My personal favourite, however, is umeshu, a liqueur made from white spirits, ume and sugar. This is typically steeped for six months to a year, but I once had the pleasure of receiving a small bottle of 25 year-old umeshu, dark and syrupy, in which even the stones of the fruit had dissolved.

Umeboshi. These are rather small ones, but with a hint of sweetness. I love the plump ones flavoured with honey, and avoid the hard red ones.

Around the time the fruit ripens, the East Asian monsoon season sets in.  This is known as tsuyu or baiu in Japan, and is written 梅雨, literally “ume rain”.

 Owing to its gnarly wood and relative hardiness, the ume is also a favoured subject for bonsai.  There is even a specific word for this  – bonbai.


The ume is the official flower of dozens of cities, towns and wards in Japan, and as I write this, the parks and gardens boasting thousands of ume trees will be gearing up for the tourists coming to see the blossoms.


I may or may not be able to make a trip out so far, but luckily there are are few ume trees on my commute.  Now all I need is some warmth!  (And a glass of umeshu…)

Trees don’t just grow on trees…

2 Apr


I took advantage of some free time during a sunny and warm period to go for a little walk and look for wildlife.

Unfortunately, nothing except pigeons seemed to be on the out-and-about.

However, you don’t see this every day…

Growing in the fork of a coppiced oak were two seedlings, an oak and a maple.

The taller of the two appears to be an oak, and the shorter one a maple.

Even Monkeys Fall From Trees

13 Nov

We’ve just had our first taste of what to expect in winter.  Wearing two undershirts, a shirt, a vest and a windcheater and still feeling cold… sometimes I wonder how people survive in colder climes.

I’ve been suffering from blog withdrawal of late.  Poor weather, increasingly shorter days – the sun sets soon after 4:30 –  but no shortage of commitments outside of blogging (I don’t get paid for this, you know) have kept me from encountering subjects or actively searching for them.

The orb-weaving spiders and praying mantises have just about finished their single-year lifecycle, leaves are falling, and everything is making the transition over to winter mode.


Anyway, I took advantage of a lesson-free afternoon, and got a couple of photos of an interesting tree.


This is the crape myrtle (Lagerstroemia indica).  A medium-sized (growing between three and nine metres tall) deciduous tree originally imported from China, it is a popular park tree for its pink or white flowers which bloom in August.  In fact, the most commonly used characters for it (百日紅) – literally “hundred day crimson” – are taken from its Chinese name and refer to the relatively long-lasting bloom.  An alternative name, hyakujikko, comes from this.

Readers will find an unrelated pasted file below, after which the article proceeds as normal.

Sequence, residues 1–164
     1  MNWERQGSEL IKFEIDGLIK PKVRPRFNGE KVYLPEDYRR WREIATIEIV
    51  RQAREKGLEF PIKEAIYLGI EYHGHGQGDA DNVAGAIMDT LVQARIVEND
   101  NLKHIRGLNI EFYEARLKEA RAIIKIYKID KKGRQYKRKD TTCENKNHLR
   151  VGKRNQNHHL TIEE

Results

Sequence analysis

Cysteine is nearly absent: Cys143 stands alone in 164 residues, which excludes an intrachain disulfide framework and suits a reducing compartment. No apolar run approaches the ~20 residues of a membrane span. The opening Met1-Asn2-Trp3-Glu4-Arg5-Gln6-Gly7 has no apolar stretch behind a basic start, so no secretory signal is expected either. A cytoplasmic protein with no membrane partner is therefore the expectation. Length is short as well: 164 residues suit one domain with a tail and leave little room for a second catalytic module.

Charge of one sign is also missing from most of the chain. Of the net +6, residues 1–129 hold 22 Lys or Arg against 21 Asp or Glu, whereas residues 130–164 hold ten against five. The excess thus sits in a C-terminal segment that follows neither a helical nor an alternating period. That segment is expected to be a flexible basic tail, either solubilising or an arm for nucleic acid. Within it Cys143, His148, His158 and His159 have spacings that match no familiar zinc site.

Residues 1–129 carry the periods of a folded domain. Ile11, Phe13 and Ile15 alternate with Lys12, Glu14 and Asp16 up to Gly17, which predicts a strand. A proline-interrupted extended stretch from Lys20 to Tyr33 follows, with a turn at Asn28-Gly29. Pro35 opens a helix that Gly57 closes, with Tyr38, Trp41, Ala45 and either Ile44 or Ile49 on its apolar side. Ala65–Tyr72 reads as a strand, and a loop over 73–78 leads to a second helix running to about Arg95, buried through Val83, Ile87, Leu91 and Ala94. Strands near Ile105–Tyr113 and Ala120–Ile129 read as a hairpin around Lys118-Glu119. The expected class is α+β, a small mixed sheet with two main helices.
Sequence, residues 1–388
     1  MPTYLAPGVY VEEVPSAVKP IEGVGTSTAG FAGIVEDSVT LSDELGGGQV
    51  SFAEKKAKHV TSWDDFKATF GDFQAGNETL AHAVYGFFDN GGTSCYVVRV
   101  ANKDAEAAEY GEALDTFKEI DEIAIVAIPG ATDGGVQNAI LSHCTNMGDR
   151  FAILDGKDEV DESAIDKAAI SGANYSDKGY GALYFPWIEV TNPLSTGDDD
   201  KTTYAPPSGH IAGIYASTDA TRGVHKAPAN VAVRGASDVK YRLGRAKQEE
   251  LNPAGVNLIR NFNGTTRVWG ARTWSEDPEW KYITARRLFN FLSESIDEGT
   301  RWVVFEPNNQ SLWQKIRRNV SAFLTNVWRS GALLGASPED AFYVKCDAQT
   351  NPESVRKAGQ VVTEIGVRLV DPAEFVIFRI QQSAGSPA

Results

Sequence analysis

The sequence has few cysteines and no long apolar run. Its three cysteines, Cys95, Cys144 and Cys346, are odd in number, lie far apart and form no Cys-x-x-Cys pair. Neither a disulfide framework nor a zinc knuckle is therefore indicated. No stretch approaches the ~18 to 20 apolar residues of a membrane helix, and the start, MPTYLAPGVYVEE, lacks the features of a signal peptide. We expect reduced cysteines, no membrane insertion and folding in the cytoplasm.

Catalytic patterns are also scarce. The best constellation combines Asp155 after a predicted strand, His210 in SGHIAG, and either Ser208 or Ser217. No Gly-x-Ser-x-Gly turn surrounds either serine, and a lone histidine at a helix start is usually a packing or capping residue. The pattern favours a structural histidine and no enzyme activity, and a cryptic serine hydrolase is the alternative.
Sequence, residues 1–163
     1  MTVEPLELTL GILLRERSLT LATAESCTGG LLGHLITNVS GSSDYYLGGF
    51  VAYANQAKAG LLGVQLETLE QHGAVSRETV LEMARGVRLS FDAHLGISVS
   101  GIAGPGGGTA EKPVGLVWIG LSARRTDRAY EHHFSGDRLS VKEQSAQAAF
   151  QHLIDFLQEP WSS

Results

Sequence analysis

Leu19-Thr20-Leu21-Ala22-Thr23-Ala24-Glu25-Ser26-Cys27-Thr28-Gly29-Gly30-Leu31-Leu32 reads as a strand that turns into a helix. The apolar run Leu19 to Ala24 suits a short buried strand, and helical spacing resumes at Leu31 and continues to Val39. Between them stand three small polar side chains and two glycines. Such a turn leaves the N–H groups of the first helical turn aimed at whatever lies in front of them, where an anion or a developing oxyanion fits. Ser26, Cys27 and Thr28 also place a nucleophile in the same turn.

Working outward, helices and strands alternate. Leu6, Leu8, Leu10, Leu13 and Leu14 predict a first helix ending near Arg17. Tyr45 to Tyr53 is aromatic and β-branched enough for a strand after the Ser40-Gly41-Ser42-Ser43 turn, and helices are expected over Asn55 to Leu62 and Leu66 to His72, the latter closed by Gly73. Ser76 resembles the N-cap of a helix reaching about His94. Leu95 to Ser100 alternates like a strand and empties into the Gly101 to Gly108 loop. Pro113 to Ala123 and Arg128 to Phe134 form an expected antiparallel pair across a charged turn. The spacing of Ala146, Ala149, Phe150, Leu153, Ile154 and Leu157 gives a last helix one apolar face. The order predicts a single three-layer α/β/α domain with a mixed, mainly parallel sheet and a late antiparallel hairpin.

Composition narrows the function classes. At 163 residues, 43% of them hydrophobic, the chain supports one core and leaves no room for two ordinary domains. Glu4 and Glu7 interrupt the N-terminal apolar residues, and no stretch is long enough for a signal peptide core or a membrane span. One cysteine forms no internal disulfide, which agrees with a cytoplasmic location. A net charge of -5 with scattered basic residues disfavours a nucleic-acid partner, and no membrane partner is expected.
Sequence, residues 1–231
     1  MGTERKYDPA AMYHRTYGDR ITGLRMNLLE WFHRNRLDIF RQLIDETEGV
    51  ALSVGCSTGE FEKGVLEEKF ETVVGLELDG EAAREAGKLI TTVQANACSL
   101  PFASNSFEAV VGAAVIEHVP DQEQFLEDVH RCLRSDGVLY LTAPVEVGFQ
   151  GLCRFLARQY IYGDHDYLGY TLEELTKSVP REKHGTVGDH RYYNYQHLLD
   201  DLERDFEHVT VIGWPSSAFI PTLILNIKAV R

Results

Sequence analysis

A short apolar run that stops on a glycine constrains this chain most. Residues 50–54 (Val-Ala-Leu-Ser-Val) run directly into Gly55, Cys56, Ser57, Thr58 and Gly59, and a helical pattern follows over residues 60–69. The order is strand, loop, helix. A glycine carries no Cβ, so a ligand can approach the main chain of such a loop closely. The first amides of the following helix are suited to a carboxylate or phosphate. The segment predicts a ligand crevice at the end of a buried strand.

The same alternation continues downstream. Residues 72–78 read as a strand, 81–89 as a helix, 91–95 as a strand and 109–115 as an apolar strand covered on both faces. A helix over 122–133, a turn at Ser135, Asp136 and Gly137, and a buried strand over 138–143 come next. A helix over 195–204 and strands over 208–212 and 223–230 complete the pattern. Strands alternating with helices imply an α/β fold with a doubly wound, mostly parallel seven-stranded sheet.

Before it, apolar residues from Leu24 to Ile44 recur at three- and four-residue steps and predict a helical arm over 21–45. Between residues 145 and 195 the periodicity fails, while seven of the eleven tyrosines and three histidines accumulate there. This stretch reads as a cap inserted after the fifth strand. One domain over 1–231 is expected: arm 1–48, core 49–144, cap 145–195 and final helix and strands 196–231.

So why would I take an interest in it now, long past flowering and when it has lost nearly all its leaves?  The answer lies in its bark.  As the tree grows, the outer bark is shed, revealing a smooth mottled skin-like bark.  This gives it its more common Japanese name, sarusuberi (猿滑) – literally “monkey slip”, based on the belief that the tree is so smooth that even monkeys cannot climb it.  Other regional names also reference the smoothness of the bark.


As smooth as a baby’s bottom. You need to actually feel the bark to appreciate how smooth it is.


The last leaves remaining on a shoot.  Yes, that’s a ginkgo in the background.


In addition, the tree often grows into gnarly twisted forms, and the absence of foliage really brings this out.


Twists and gnarls, all still smooth, are features of mature trees.



I think the tree actually looks its best when it’s bare.


Oh, and apparently monkeys can climb the tree easily…

Takao – a hill by any other name

22 Apr

Mt. Takao is a popular hiking retreat for urbanites – within one hour of central Tokyo, several routes, including one paved all the way (perfect for those elderly types who buy all the essential hiking gear which never seems to get dirty, much like suburbanite Australians driving big 4WDs to the shopping centre and no further), and two options to bypass the steepest slopes: a funicular and a chairlift.

At just 599m, there is no way Takao deserves a titular “Mt.” (And I have NO qualms about mocking people who list it as a “mountain” they’ve climbed – especially when I suspect they made half the trip by means other than their own two feet.)  On the other hand, it is a good daytrip to get away from the city and actually have the opportunity to encounter something different.